A new technology based on nuclear medicine has been developed and presented by the NCBJ POLATOM Radioisotope Centre located in Warsaw, Poland to be used in the diagnosis of inflammatory conditions. The novel product is called Techimmuna and is expected to be particularly effective in cases of rheumatoid arthritis, according to a press release from the center.
Techimmuna was designed to detect and precisely locate numerous sites of inflammation in the body. In patients who suffer from rheumatoid arthritis, it is expected to assess the level of activity of the disease, which can determine the next steps in therapy and treatment outcomes.
“Techimmuna is a radiolabelled preparation. Molecules of human immunoglobulin G produced from plasma proteins have been modified so that they readily bind technetium-99m radioactive atoms,” explained interim NCBJ POLATOM Director, Scientific Matters, professor Renata Mikołajczak. “In patient’s body the preparation is preferably taken up at sites of increased inflammation.”
The product is administered through a single injection of radiopharmaceuticals inside a nuclear medicine clinic and by experienced professionals. Approximately four hours later, the patient undergoes scintigraph scanning, which enables visualization of inflammation. Technetium-99m radiation is used, since it acts within a few hours and is expected to be potent enough to provide images useful for diagnosis while remaining safe for the patient, and is easily excreted by the body.
“Gamma radiation emitted by decaying technetium-99m atoms makes possible to locate the places. The radiation detected by a medical scanner is computed into spatial distribution of the radioisotope, which enables physicians to locate the inflammation and to determine disease’s character. Precise medical diagnostics is an indispensable prerequisite for a fast and efficient treatment,” added Mikołajczak.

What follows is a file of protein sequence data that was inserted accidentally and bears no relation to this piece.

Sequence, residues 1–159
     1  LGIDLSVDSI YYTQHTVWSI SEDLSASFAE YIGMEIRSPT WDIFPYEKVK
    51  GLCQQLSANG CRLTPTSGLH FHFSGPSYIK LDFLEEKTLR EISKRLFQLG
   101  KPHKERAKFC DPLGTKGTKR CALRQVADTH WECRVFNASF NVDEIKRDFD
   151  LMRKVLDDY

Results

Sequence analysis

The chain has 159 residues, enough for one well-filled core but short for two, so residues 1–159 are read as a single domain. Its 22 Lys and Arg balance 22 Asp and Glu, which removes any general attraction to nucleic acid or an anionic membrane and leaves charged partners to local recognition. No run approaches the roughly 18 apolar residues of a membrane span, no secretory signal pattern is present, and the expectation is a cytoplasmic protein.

In order for the protein/technetium-99m complex to remain stable inside the body without losing biological properties, the NCBJ POLATOM scientists have to attach a different and smaller molecule to human immunoglobulin G, which is able to safely attach to technetium-99m. The modified molecules were prepared by the researchers in a high-quality radiopharmaceutical form, ready to be administered at the clinics.
NCBJ is among the most renowned suppliers of nuclear medicine solutions in Poland, as well as a large player worldwide. The center is dedicated to providing radiopharmaceuticals as well as R&D accelerators, in order to improve disease outcomes. Regarding rheumatoid arthritis, a chronic inflammatory joint disease, the center may be able to help improve early diagnosis, and consequently, slow down disease progression and prevent associated complications.